A history of the bra
Of all the items in our wardrobes during quarantine, it’s fair to say that the bra has not been top of our daily attire. Indeed the piece of underwear, normally wired, is probably gathering dust at this rate as many of us favour something a little less constricting and more comfortable. The slower pace of life for many of us, as we work from home or get out and about, means that we can, in essence, get away with not wearing a bra, or certainly not the conventional, wired one anyway.
I’ve ended up throwing out two underwired bras and am now down to three black ones, as I find myself reaching for my comfy, familiar sports bra. While I do like wired bras, I hate the marks from them and the general quality of some of them. I have sports bras that are three years old and still in perfect condition. Is there something to be said for forgoing the wired bra? I’m certainly thinking about it.
With all this in mind, I’ve taken a look back on the history of the bra. After years of watching period dramas like Pride and Prejudice, I was curious to find out more.
Over the years, bras have been evolving, changing and adapting as they are influenced by fashion, culture, and sexual tastes of the times. Whether it was Madonna’s iconic Jean Paul Gaultier Cone Bra or Britney’s iconic looks, there was the rise of all things Fifty Shades and the long-anticipated opening of Victoria’s Secret in Dublin.
The 16th Century saw the rise of the corset, originating in France. The aim of the corset was to help give women, what was considered back then, to be the perfect figure. This inverted cone shape, almost hourglass-like. They were made with a long piece of wood or whalebone sewn into the casing.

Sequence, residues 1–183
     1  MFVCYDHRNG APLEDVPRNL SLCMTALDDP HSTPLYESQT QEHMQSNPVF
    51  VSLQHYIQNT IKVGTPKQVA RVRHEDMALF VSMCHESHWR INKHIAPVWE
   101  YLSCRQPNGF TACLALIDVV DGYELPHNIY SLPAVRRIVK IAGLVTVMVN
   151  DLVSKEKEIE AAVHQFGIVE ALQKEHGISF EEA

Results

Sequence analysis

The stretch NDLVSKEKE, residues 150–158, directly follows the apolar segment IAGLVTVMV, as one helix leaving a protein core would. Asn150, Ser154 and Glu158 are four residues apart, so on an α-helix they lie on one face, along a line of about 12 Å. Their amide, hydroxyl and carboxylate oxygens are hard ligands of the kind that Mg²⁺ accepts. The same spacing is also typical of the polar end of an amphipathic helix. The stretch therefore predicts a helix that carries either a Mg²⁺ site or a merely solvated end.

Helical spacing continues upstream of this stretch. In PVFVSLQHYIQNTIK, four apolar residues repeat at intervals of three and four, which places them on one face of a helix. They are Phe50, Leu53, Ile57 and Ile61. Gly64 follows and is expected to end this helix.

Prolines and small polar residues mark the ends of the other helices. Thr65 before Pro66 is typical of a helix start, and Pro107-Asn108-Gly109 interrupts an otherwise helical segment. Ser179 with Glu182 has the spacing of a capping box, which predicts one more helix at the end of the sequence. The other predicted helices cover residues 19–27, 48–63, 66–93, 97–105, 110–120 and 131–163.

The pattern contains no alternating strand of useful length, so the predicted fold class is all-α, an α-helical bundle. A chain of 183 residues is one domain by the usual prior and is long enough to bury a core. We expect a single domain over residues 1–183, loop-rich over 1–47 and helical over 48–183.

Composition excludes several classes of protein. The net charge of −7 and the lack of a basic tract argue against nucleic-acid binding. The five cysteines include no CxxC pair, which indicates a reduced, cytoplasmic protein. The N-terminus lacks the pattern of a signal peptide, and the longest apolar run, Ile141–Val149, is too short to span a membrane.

The early corset pushed the breasts up and together, causing the tops of the breasts to spill out of the tops of dresses for a shelf-like bust effect. The corset would live on as a popular woman’s undergarment for nearly four centuries.
In 1889, French designer Herminie Cadolle created The Split Corset by cutting a corset in two which created two separate undergarments. The top section supported the breasts by means of straps, while the lower piece cinched and shaped the waist.
Moving to the early 19th century, the term “Brassiere'' came about, with American Vogue, referring to the top section of Herminie Cadolle’s split corset.
As things progressed, 1914 saw the creation of the first modern bra by New York City socialite Mary Phelps Jacob. It was created using two silk handkerchiefs and a pink ribbon. Also called the “backless bra,” her invention was lightweight, soft, comfortable, and naturally separated the breasts. The idea for the bra came about as Mary was tired of wearing tight-fitting corsets when she was out socialising at parties and balls.
Four years later, in 1918, we began to witness the fall of the corset as World War I caused a steep decline in corset use in the United States. The U.S. War Industries Board asked women to stop buying corsets to free up the metal for war production. Reportedly, this saved about 28,000 tons of metal, which was then used to create two battleships. Women were also entering the workforce in great numbers at the time and the stiff and constricting corset wasn’t considered practical or appropriate to wear to work.